Rembrandtthe photographer

From 22 june to 3 november 2024


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Westfries Museum highlights Rembrandt’s photographic eye

It is the largest collection of Rembrandt etchings ever to be seen in the Netherlands. From 22 June to 3 November 2024, more than 200 masterful etchings from the collection of Rembrandt collector Jaap Mulders will fill our empty museum. Due to the delayed renovation, we are taking the opportunity to be a Rembrandt Museum for four months. In addition to Rembrandt’s masterful technique, the exhibition also highlights his almost photographic compositions. Rembrandt had an eye for the perfect picture like no other artist of his time: like a photographer avant la lettre.

Information & tickets

  • Data: 22 juni t/m 3 november 2024
  • Opening hours: Tuesday to Sunday 11.00 – 17.00
  • Visiting address: Roode Steen 1, Hoorn
  • Tickets € 12.50. Youth up to 16 years free admission.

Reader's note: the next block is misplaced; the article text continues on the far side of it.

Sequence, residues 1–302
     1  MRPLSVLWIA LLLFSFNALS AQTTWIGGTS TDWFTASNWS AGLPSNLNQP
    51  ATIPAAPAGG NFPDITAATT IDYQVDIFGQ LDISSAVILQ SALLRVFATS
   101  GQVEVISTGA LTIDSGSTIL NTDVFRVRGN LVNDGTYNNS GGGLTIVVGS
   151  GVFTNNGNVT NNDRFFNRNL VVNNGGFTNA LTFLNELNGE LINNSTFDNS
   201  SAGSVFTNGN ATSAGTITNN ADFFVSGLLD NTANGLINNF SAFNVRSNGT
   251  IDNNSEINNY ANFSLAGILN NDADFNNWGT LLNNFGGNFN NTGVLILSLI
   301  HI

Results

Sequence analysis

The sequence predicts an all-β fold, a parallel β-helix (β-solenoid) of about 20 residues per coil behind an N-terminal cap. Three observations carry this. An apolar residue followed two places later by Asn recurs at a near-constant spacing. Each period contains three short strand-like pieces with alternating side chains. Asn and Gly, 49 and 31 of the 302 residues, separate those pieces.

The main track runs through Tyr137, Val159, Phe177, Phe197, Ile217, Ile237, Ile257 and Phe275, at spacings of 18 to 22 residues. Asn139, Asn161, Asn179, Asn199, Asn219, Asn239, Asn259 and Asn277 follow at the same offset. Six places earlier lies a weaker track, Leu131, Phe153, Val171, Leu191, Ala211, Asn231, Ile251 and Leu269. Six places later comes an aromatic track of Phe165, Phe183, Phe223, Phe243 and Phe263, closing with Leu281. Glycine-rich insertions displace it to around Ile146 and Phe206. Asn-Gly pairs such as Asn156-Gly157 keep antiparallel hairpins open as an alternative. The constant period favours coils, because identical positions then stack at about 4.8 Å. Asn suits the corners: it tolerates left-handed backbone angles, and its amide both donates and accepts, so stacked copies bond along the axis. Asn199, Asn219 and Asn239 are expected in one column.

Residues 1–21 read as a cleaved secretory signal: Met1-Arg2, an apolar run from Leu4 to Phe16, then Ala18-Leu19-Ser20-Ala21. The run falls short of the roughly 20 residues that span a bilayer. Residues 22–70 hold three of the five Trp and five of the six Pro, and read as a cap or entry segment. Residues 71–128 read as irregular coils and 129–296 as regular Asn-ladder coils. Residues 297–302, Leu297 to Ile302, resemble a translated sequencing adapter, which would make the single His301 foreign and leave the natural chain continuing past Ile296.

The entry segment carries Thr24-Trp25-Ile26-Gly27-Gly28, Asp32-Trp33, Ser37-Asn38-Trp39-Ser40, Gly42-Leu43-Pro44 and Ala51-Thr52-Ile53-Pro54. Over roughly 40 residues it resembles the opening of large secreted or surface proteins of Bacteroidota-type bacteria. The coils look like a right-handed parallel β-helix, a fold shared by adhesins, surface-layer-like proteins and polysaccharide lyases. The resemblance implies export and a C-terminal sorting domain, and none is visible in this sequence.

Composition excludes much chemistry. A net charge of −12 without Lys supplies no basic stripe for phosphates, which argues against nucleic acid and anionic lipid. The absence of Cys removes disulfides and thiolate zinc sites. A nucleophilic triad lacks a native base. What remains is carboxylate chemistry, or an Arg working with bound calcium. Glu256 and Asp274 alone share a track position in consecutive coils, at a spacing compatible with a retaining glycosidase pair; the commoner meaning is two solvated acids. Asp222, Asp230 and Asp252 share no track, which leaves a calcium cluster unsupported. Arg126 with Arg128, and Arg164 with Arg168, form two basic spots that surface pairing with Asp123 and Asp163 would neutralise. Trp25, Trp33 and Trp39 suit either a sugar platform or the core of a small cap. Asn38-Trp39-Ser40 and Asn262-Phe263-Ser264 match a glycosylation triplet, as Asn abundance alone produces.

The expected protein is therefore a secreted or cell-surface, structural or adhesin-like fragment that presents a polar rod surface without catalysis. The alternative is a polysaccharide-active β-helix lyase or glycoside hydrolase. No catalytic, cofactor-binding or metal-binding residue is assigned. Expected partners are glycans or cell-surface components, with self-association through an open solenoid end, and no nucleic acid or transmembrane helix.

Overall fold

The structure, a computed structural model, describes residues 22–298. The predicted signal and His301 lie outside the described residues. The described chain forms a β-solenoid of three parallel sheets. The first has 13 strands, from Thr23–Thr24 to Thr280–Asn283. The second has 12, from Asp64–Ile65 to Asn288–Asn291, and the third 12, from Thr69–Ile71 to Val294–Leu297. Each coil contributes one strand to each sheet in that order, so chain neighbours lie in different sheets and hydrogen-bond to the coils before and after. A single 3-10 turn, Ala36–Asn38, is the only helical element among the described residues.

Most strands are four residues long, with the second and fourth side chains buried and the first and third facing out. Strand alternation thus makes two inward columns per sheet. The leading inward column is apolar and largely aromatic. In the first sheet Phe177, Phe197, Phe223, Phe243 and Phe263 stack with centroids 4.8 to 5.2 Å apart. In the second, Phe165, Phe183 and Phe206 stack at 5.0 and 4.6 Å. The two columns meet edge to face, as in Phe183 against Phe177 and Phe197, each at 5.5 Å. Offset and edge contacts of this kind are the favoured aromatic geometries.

• Free for Museum Card holders, VriendenLoterij VIP card holders, Friends of the Westfries Museum, Members of the Rembrandt Association.

Tip: combined ticket

Make a day of it in Hoorn! In addition to the Rembrandt exhibition, visit our museum attraction Discover the story of Hoorn in the Statenpoort on Nieuwstraat. A spectacular multimedia show with two podwalks through the historic city centre. A combined ticket costs €15 (separately €20). 

Also Rembrandt tulips and bronze sculptures

The exhibition ‘Rembrandt, the photographer’ is supplemented by photographs and bronze sculptures, entirely in Rembrandt style. Two museum rooms feature Rembrandt-inspired flower portraits and still lifes by photographer Dennis A-Tjak. And throughout the exhibition you can admire the bronzes that sculptor Anat Ratzabi made in response to Rembrandt’s etchings.

Deepen your museum visit

A digital app is available at the exhibition in any desired language. This digital guide tells you much more about the artworks and about Rembrandt’s motivation. The app can be downloaded for free at the museum.

More about Rembrandt